In food-loving Paris, it’s a playground for pastry.
I may have come to Paris twelve years ago as a dedicated student of linguistics and French literature but I quickly learned I’d need to learn another language entirely to fully immerse myself in the culture—the language of pastry.
And it was by focusing my attention on all manner of French pastry, classic and modern, that my love story with Paris blossomed beyond the books.
The art of French pastry
Boulangeries, pâtisseries and specialty food shops dot nearly every street corner in Paris. They are the lifeblood of Parisian street life as much any corner café or brasserie and while they appear to trade in the most obvious of sweet pleasures—from morning pastries like croissants and pain aux amandes to the more refined confections like the Saint-Honoré or the éclair—their value goes far beyond instant gratification.
Though once reserved for the elite (think of the royal court, Marie Antoinette and the association of aristocracy and robust bellies!), pastry and sweet indulgences today occupy a much broader, more accessible role. They are a cultural touchstone, an integral part of Sunday lunches with family, morning pick-me-ups or an afternoon snack—a ritual for all school-age children that carries over into adulthood—and they are venerated as works of art.
Thanks to food-driven television shows that have put the spotlight talented chefs, many of whom begin their careers in adolescence, the profession has benefited from an elevated image. Manual labor in the culinary arts is no longer considered lesser than but an honorable creative pursuit that preserves and modernizes a centuries-old trade. Through the work of pastry chefs and chocolatiers like Claire Damon of Des Gâteaux et Du Pain, Jacques Genin, Pierre Hermé, Nicolas Cloiseau of La Maison du Chocolat or Maxime Frédéric, the past is protected.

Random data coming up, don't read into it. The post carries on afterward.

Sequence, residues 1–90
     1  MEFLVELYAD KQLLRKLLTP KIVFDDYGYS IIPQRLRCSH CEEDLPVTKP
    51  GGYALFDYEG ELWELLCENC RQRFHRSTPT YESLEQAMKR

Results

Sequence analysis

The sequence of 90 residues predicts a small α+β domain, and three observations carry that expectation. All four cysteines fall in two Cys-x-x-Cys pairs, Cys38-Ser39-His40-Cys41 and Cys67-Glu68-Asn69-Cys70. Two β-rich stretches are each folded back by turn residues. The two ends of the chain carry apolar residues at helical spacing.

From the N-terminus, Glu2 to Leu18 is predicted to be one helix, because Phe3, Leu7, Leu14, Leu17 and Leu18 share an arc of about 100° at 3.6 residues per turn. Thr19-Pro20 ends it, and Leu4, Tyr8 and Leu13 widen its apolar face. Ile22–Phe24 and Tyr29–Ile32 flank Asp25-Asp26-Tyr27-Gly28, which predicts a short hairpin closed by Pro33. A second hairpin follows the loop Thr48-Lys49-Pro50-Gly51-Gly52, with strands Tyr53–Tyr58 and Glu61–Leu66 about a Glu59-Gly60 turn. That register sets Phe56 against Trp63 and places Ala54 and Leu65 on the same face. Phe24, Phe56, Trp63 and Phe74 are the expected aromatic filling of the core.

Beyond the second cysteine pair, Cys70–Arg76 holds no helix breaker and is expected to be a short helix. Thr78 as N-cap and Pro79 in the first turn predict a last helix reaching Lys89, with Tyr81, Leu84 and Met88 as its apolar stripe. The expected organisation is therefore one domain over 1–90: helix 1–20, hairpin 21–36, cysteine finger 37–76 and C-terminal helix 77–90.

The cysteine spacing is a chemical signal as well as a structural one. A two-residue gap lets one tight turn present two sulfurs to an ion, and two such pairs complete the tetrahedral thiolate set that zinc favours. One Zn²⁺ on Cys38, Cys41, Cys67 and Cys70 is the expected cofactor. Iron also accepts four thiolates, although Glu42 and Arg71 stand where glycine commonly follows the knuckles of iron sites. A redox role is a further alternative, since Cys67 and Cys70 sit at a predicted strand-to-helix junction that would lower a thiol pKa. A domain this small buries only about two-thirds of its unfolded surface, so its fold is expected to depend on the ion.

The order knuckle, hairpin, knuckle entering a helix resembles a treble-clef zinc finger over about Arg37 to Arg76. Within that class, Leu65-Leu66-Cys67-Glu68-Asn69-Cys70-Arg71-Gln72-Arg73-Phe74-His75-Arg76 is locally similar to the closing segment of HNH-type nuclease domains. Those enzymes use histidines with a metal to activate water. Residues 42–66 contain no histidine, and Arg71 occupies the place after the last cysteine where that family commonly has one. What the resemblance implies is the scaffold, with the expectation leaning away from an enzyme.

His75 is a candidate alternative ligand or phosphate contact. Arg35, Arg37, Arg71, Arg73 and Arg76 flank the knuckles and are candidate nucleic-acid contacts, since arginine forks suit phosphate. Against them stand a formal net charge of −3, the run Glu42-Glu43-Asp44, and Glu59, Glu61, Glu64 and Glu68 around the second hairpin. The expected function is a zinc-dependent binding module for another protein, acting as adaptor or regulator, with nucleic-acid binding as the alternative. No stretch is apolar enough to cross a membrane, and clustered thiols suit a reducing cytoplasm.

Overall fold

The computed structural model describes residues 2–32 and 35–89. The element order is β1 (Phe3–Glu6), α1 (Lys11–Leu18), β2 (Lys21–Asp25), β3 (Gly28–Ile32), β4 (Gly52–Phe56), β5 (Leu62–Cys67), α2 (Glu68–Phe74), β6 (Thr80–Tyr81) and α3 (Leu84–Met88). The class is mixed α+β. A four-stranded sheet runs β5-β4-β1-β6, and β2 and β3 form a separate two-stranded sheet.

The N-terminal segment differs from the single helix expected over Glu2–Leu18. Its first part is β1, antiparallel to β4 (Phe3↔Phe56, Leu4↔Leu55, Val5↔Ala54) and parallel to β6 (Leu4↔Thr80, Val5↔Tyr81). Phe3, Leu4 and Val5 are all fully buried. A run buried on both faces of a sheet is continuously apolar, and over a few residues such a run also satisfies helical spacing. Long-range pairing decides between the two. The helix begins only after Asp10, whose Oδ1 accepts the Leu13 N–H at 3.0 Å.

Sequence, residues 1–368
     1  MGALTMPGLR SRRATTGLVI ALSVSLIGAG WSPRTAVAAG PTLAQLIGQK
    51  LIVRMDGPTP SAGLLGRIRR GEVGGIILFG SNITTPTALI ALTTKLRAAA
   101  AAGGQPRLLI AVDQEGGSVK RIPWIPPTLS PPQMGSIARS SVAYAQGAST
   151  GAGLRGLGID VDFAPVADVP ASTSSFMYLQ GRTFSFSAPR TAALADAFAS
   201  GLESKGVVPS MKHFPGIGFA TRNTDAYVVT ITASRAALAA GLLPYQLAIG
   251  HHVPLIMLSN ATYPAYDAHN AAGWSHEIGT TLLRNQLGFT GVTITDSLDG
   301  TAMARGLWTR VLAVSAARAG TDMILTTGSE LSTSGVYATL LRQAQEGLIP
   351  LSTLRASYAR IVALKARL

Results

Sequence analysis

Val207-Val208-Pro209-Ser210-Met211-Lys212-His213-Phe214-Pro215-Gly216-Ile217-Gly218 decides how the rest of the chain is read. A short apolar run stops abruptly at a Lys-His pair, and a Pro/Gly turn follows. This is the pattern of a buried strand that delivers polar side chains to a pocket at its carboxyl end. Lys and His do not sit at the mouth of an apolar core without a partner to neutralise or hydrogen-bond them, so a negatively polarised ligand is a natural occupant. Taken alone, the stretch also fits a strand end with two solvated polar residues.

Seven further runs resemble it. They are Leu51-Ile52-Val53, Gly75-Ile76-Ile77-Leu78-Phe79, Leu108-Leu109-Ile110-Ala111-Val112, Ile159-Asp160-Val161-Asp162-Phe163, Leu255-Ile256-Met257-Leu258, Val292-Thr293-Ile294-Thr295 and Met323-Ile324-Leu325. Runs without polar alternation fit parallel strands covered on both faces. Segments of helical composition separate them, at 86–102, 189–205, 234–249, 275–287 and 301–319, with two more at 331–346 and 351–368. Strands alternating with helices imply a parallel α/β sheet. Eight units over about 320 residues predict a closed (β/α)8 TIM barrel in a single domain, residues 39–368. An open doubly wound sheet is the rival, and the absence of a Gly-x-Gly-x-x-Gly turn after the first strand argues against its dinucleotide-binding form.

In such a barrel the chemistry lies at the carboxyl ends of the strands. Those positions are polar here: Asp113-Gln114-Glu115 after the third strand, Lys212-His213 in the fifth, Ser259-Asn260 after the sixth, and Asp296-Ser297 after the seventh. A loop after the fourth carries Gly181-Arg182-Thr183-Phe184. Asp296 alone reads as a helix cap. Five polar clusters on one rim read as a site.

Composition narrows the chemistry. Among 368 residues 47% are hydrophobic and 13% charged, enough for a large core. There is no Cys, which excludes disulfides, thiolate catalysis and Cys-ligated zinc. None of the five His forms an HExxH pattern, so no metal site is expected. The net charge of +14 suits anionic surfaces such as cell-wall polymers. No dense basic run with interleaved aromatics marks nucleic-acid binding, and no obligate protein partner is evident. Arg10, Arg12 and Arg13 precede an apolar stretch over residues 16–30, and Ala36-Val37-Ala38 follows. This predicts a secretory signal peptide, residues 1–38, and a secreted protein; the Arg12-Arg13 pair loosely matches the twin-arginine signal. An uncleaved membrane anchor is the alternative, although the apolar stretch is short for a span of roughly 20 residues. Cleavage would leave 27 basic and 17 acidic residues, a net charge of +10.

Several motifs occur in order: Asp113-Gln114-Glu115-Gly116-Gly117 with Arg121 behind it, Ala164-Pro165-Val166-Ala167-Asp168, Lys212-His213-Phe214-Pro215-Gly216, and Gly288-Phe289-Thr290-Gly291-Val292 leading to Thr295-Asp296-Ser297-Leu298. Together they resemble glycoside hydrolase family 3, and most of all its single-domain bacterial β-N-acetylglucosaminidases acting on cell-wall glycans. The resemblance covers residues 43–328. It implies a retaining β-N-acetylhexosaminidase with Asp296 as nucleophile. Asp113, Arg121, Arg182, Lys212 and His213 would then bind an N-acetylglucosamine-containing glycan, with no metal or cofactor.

French pastry as an everyday luxury
If my obsession with pastry today persists it’s for more than the sheer gustatory thrill of biting into one of Bontemps’s filled sable cookies or feeling the light rosewater glaze and pâte feuilleté of Pierre Hermé’s Ispahan croissant crunch delicately between my teeth. It’s for the precision, passion and deft craftsmanship behind each individual pleasure. It’s for the broad embrace of such confections as part of a healthy, happy life. These are not “guilty pleasures,” as we so often think of them in other cultures, they are joys that can (and should) be enjoyed daily to lift the spirits.
When times are troubled and Parisians curb their spending, they still allow themselves a box of chocolates from Alain Ducasse’s Manufacture, a cinnamon roulé from Yann Couvreur or a pistachio-chocolate ‘escargot’ from Du Pain et Des Idées, a 10th arrondissement institution. And they’re always looking to discover industry innovations—whether it’s new, unexpected flavor associations, surprising forms, or simply the de-sweetening of recipes to make a pastry’s key ingredients, fruit, chocolate or nuts, shine on their own.
There’s a lot to love and a world of inventive pastry to discover in all Paris neighborhoods but it’s worth remembering that behind each morsel is a creative individual, keeping one of the most special (and my favorite) heritage skills alive.